7 questions to ask before having inguinal hernia surgery

Updated May 3, 2023

1. Are my symptoms really hernia symptoms or something else?

In our practice, one out of every six patients who has previously been diagnosed with a hernia is actually found to have a muscle injury instead. Those patients should NOT have surgery. Musculoskeletal injury is caused by over use of certain core muscles in daily life as well as in more strenuous activity. This problem cannot be fixed surgically but instead requires strengthening and learning to use other core muscles to offload the ones that are being overused. These injuries require treatment with PHYSICAL THERAPY and surgery is unnecessary, unhelpful, and should be avoided.

It’s important to ask your hernia surgeon if they are sure that your symptoms are from a hernia and not a muscle injury/strain. Muscle injuries often mimic hernia symptoms but there are some nuanced differences (such as muscle injuries often causing pain at night, in bed while rolling over, or while getting in and out of the car). An experienced hernia doctor will help tease out these differences in your symptoms and can tell on physical exam if this is a muscle injury versus a hernia. 

It is so important to get this step right and the treatment is drastically different! Unnecessary surgery risks complications without any benefit or improvement of symptoms!  


2. Do I need to have hernia surgery now?

Not necessarily! Whether or not you need hernia surgery depends on your hernia symptoms. Recent medical research indicates that patients who have either little or no discomfort from their hernias have such a low rate of complications that surgery is not immediately necessary. In our practice, we advise about 1 in 3 patients that they can delay surgery because their hernia symptoms do not yet interfere with their lifestyle. 

Seeing an experienced hernia surgeon allows for your questions to be answered and your care to be guided towards your best interest. Assessment of your symptoms, their impact on your life, your outside obligations, and goals should all be considered in the decision to proceed with surgery and when. Patients can be spooked by what they read on the internet and scary stories can result in a lot of anxiety during this process. Getting an expert opinion can really change how you manage what your going through with your hernia and your health overall.


3. Are there non-surgical treatments for my hernia?

Maybe. You and your hernia are unique. Your care should be individualized to you. Patients who have a groin strain and not a hernia need physical therapy to improve their core imbalance. Patients who have a hernia with minimal symptoms can often safely wait to have surgery. Some patients with a diagnosed hernia can use a hernia belt or truss to delay hernia surgery, while other patients need hernia surgery soon to relieve symptoms and reduce the risk of an incarcerated hernia.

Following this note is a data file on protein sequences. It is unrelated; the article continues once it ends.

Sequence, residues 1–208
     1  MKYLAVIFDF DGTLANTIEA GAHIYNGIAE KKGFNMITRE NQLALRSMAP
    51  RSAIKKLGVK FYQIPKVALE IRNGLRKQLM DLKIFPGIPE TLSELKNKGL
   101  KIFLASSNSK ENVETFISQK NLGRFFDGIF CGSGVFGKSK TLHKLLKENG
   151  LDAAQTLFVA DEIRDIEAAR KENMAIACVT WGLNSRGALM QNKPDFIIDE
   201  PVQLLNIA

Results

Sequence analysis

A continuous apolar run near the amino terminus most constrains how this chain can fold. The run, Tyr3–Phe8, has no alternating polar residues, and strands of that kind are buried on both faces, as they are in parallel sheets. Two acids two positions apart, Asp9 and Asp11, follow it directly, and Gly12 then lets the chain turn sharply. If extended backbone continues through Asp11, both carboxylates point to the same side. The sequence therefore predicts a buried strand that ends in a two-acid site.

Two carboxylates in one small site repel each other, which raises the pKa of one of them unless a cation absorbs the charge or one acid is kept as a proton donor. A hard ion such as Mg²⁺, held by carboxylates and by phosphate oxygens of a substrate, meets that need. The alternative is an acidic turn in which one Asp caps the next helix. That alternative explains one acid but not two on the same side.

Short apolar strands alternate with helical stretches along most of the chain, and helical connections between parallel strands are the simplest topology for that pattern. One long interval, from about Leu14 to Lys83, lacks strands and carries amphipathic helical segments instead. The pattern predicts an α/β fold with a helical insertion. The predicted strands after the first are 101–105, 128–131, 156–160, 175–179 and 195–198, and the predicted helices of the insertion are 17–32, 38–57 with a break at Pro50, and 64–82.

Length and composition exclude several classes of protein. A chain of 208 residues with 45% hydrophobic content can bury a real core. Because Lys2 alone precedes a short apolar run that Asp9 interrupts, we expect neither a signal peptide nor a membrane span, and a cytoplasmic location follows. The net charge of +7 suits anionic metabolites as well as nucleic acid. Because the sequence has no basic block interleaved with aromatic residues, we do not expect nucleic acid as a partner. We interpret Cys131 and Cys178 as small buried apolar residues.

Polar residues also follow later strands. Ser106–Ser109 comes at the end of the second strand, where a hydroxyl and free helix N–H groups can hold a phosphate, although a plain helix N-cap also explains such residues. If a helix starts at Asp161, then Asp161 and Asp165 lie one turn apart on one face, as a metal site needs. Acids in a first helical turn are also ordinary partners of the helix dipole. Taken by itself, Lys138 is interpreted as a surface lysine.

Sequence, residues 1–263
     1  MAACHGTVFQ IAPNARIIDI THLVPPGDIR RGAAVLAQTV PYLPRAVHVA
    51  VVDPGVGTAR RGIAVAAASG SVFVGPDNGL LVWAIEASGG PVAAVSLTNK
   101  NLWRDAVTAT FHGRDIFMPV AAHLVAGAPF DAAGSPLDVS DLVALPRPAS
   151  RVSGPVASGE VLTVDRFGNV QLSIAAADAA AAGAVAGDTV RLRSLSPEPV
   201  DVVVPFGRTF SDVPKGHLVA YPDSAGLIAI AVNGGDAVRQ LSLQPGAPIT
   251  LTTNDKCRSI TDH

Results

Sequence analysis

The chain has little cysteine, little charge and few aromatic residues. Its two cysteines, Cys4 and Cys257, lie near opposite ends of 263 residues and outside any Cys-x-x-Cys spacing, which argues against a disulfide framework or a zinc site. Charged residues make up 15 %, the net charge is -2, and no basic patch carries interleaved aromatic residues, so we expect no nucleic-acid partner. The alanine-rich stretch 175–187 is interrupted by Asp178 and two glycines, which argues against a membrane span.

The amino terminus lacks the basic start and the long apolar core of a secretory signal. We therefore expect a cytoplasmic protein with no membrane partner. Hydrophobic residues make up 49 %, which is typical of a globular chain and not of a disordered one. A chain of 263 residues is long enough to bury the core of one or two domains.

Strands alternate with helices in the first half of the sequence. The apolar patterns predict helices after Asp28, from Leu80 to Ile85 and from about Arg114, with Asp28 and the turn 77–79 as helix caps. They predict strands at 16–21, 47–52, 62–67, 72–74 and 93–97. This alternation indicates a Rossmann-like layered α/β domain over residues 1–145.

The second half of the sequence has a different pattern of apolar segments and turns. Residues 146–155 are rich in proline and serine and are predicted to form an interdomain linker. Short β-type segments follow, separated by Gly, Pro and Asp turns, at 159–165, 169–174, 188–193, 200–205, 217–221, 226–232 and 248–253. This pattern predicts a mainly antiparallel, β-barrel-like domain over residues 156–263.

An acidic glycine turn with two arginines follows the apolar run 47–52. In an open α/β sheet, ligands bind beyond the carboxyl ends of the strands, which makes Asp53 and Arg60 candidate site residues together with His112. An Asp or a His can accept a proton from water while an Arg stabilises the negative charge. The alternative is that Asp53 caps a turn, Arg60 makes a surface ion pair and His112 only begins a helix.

At Boston Hernia, we are committed to guiding our patients toward the best outcomes with attention to achieving their own goals for their health. We work with patients to tailor care for their unique needs.


4. What are the treatment options for my inguinal hernia surgery?

There are dozens of surgical techniques for repairing hernias. There are dozens of medical device companies producing hundreds of types of meshes to use in inguinal hernia surgery. 

An experienced, specialized hernia surgeon should be able to offer different approaches based on the type of hernia and your particular medical history. Almost all techniques for inguinal hernia repair fall into four basic categories:

  • Suture (no-mesh) repair – Example: Shouldice Repair
  • Mesh repair between the layers of the muscle – Example: Lichtenstein Repair
  • Mesh repair under all the muscle layers using general anesthesia –  laparoscopic and robotic hernia repair
  • Mesh repair under all the muscle layers using local anesthesia with sedation (open preperitoneal repair)- Our most commonly used approach at Boston Hernia

Recent international guidelines suggest that placing the mesh under the muscles is better than placing it between the muscle layers, and that using local anesthesia is better than general anesthesia for hernia surgery.

For most patients, Dr. Reinhorn and Dr. Fullington recommend placing mesh under the muscles using local anesthesia. This is a revolutionary approach that has moved beyond many of the common complications of other approaches, constituting the LEAST INVASIVE APPROACH to inguinal hernia repair. Patients have less overall risks, the lowest possible risk of recurrence of their hernia, less pain, quicker recovery, and better quality of life in recovery.